Blue Is the Warmest Color is a 2013 French coming-of-age romantic drama film written, produced, and directed by Abdellatif Kechiche, starring Adèle Exarchopoulos and Léa Seydoux.
PLOT: Adèle is an introverted high-school student whose classmates gossip constantly about boys. While crossing the street one day, she passes by a woman with short blue hair and is instantly attracted. She dates a boy at her school for a short while and they have sex, but she is ultimately dissatisfied and breaks off their relationship. After having vivid fantasies about the woman she saw on the street and having one of her female friends behave flirtatiously towards her, she becomes troubled about her sexual identity. One friend, the openly gay Valentin, seems to understand her confusion and takes her to a gay dance bar. After some time, Adèle leaves and walks into a lesbian bar, where she experiences assertive advances from some of the women. The blue haired woman is also there and intervenes, claiming Adèle is her cousin to those pursuing Adèle. The woman is Emma, a graduating art student. They become friends and begin to spend more time with each other. Adèle’s friends suspect her of being a lesbian and ostracise her at school. Despite the backlash, she becomes very close to Emma. Their bond increases and before long, the two share a kiss at a picnic. They later have sex and begin a passionate relationship. Emma’s artsy family is very welcoming to the couple, but Adèle tells her conservative, working-class parents that Emma is just a tutor for philosophy class.
In the years that follow, the two women live with each other as lovers. Adèle finishes school and joins the teaching staff at a local elementary school, while Emma tries to move forward with her painting career. Adèle feels ill at ease among Emma’s intellectual friends and Emma belittles her teaching career, encouraging her to find fulfilment in writing. Adèle enjoys playing the stereotypical feminine role in their relationship but Emma becomes physically and emotionally distant. They gradually begin to realise how little they have in common. Emotional complexities manifest in the relationship and Adèle, in an impulsive moment of loneliness and confusion, sleeps with a male colleague.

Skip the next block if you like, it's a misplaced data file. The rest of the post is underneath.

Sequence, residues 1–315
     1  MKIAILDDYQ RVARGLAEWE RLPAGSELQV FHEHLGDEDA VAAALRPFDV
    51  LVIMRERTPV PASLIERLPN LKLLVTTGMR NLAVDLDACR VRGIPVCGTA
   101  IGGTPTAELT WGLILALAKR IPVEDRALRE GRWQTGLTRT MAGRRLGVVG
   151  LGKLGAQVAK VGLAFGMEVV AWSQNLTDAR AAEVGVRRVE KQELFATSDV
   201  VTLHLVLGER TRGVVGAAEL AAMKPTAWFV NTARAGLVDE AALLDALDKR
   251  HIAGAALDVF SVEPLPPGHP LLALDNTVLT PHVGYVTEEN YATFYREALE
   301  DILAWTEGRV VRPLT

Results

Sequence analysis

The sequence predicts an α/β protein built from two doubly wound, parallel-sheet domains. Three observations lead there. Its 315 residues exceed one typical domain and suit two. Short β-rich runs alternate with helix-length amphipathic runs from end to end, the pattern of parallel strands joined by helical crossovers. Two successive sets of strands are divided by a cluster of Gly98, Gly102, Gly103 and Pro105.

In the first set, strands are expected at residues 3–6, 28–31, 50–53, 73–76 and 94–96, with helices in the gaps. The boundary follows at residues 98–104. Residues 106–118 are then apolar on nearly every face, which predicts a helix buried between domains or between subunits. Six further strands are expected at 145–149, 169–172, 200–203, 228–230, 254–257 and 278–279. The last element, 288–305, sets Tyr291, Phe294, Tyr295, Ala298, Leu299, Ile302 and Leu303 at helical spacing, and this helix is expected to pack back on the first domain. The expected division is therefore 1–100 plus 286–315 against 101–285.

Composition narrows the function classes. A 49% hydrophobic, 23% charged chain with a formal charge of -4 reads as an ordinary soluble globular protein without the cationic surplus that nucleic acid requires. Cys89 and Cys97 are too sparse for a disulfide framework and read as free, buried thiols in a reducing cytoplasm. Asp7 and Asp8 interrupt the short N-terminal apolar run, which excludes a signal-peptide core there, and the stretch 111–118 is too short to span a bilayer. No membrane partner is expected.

Emma becomes aware of the brief fling and kicks Adèle out of their apartment, leaving Adèle heartbroken and alone. Time passes and although Adèle finds satisfaction in her job as a kindergarten teacher, an indescribable sadness begins to overwhelm her. The two eventually meet again in a restaurant. Adèle is still very deeply in love with Emma and despite the powerful connection that is clearly still there between them, Emma is now in a committed partnership with Lise, the pregnant woman at the party they threw a few years earlier, who now has a young daughter. It is implied that the two had known each other for years, and had become reacquainted during the party. Adèle is devastated, but holds it in. Emma admits that she does not feel sexually fulfilled but has accepted it as a part of her new phase in life. She reassures Adèle, though, that their relationship was special: “I have infinite tenderness for you. I always will. All my lifelong.” The two part on amicable terms.
The film concludes with Adèle at Emma’s new art exhibition. Hanging on one wall is a nude painting that Emma once did of her during the sensual bloom of their life together. Though Emma acknowledges her, her attention is primarily on the gallery’s other guests and Lise. Adèle congratulates Emma on the success of her art and leaves after a brief conversation with a young man she met earlier in the film. He chases after her but heads in the wrong direction. Adèle walks away into an ambiguous future as a hang is played over the soundtrack and the film ends.
This movie is absolutely perfect except the end.